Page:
We might yearn to tell our dogs why they can’t go on a walk while their injured foot heals, or to explain that we’re only leaving town for a couple of days, but I doubt that we’d have the pure, uncluttered connections we now enjoy if the relationship were burdened by language. In The New Work of Dogs, Jon Katz tells a story about a man who loved his dog because the dog was the only individual he didn’t have to talk to. Katz suspects that men often love dogs because dogs never ask them to talk about their feelings. Women love dogs so much, he suggests, because they see them as being so supportive. A study reported in The New York Times found that half of the female veterinary students surveyed said they got more emotional support from their dogs than they did from their husbands. Surely our perception that dogs are supportive is bolstered by the fact that they can’t tell us to shut up when we’re talking too much. The fact is, some dogs probably do give us unconditional love, but not all dogs do, and most dogs don’t every minute of every day. It just feels that way, given their expressiveness, their childlike cheerfulness, and bless it, their inability to communicate in words. Overall, it seems that what we can’t say to dogs is a small price to pay for what we gain from our wordless style of communication.
As if emotionality, expressiveness, a high degree of sociability, and the inability to tell us to shut up weren’t enough, there’s another important factor that inﬂuences our devotion to dogs. We humans have evolved to be protective and nurturing to big-eyed, dependent young mammals, and dogs elicit this state of mind from us with a force stronger than any hurricane. Like young children who stimulate our feelings of nurturance, dogs are nonverbal and have limited abilities. They can’t go to the store and buy food; they can’t open the door and let themselves out. If we left for work one day and never came home, they’d die, trapped and alone and unable to take care of themselves. In these ways they are the exact equivalent of young humans—nonverbal and dependent, wrapped in a ﬂuffy, fuzzy package that says “I’m cute and cuddly and I need you.”
Our feelings of parental love and nurturance are not to be sneezed at; they’ve kept primates like us going for millions of years. The parents of many animals walk away without a care once the eggs are laid or the sperm is transferred, but we shower our young with attention and care over a prolonged period. Lions may raise their young with affectionate licks and cuddles, but they’ll walk away and let their babies starve to death to save their own lives. Not so humans, dogs, or wolves: we’re obsessed with raising, nurturing, and protecting our young, and we’ll sacriﬁce our own lives to save theirs. Just the sight of young, helpless mammals can change our internal hormonal balance and increase the amount of oxytocin in our bloodstream. Although our complicated brains enable us to be rational and creative, underneath that complexity are ancient structures that generate primal reactions to big-eyed, ﬂuffy mammals. As the writer and behaviorist Karen London so aptly said, “Dogs, the source of so much pure joy and warm comfort, are a reminder that perhaps the passion in our lives is too great to be contained within the bounds of humanity.” There’s great truth to that, and it’s based not on some neurotic need to replace our feelings toward people with feelings toward dogs, but on a deep-seated biological drive to nurture small, dependent things.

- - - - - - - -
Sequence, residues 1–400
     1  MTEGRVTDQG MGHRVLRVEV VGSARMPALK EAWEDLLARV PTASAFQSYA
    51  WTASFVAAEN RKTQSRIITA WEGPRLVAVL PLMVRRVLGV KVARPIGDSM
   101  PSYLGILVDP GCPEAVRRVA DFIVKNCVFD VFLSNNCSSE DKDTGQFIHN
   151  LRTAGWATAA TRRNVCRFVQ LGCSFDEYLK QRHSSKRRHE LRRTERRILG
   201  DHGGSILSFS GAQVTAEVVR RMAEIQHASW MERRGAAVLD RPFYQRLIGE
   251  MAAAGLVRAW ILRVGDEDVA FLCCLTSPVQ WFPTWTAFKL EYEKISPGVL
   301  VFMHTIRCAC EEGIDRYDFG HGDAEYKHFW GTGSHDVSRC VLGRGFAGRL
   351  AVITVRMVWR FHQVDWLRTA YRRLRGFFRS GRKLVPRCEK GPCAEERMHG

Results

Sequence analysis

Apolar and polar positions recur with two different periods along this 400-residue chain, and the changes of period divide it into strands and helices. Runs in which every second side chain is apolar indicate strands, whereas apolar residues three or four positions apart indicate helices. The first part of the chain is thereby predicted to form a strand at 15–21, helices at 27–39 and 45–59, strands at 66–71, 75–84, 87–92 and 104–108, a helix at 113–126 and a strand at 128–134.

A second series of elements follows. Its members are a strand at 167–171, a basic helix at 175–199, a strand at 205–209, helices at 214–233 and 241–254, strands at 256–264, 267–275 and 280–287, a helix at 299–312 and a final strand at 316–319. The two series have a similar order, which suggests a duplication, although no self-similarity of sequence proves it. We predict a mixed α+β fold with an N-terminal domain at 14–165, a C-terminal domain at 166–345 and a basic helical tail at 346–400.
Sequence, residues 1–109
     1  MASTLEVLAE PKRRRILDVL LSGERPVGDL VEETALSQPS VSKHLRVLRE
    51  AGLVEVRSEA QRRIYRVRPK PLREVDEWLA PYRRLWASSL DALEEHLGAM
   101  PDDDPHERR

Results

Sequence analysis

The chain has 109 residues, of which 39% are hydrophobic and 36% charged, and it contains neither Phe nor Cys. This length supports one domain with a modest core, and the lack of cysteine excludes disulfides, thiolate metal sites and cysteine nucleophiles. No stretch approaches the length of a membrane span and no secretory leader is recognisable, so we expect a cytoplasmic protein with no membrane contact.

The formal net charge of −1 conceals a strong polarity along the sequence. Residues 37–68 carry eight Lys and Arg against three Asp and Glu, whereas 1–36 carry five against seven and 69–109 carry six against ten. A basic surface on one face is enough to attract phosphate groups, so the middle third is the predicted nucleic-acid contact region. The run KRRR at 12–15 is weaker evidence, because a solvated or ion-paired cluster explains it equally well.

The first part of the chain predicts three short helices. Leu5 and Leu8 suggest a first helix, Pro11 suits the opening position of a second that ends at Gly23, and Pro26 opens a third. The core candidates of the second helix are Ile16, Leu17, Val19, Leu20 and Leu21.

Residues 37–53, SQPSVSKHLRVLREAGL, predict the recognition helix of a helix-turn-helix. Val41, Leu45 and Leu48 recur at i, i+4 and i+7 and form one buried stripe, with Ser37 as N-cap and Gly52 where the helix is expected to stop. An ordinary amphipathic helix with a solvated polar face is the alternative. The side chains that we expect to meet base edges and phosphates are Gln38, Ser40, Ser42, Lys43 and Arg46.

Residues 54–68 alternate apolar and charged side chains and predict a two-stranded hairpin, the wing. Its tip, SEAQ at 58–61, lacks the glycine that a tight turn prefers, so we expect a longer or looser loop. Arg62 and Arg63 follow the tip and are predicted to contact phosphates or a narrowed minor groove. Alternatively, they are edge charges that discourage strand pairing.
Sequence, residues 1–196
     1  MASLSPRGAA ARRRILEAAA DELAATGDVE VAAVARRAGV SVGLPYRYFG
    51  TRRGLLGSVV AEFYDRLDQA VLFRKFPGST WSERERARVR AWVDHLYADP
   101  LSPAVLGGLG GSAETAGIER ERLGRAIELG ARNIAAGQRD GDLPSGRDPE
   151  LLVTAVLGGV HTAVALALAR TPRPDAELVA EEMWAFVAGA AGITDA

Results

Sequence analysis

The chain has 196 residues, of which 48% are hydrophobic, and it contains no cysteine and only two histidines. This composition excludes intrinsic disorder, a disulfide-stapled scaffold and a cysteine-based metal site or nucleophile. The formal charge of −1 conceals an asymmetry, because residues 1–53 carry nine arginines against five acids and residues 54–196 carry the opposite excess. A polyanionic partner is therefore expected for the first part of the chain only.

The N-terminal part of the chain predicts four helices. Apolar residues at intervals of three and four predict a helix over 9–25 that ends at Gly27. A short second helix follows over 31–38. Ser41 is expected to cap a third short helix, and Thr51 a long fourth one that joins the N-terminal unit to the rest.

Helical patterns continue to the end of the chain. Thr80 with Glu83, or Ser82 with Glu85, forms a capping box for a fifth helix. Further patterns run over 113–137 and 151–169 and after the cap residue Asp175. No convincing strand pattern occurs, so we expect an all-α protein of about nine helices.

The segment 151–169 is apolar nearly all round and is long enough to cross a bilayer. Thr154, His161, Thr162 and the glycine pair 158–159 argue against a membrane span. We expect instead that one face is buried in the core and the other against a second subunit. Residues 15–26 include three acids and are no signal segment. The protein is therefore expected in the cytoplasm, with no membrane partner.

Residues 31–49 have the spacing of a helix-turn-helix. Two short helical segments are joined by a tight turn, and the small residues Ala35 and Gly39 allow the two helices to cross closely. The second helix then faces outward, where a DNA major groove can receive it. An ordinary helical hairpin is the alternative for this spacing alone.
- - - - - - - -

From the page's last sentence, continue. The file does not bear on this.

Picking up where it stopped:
So there you have it, a perfect package of love, an animal whose looks and behavior leave many of us weak in the knees. Dogs elicit the love and the desire to nurture that we’re designed to feel toward young dependent mammals, and their expressiveness just ups the ante. The mere sight of them bathes us with the hormones associated with love and devotion. At the same time, sometimes accurately, sometimes not, we feel from them the kind of love we want from our parents, that no-holds-barred, “unconditional” love that psychologists tell us we’ve all been seeking since infancy. It’s a double whammy of epic proportions—we love them like children, and at the same time feel loved by them with the kind of pure, primal love that we needed when we were babies ourselves. Wow. Dogs get us coming and going. In truth, we’re the ones who are helpless.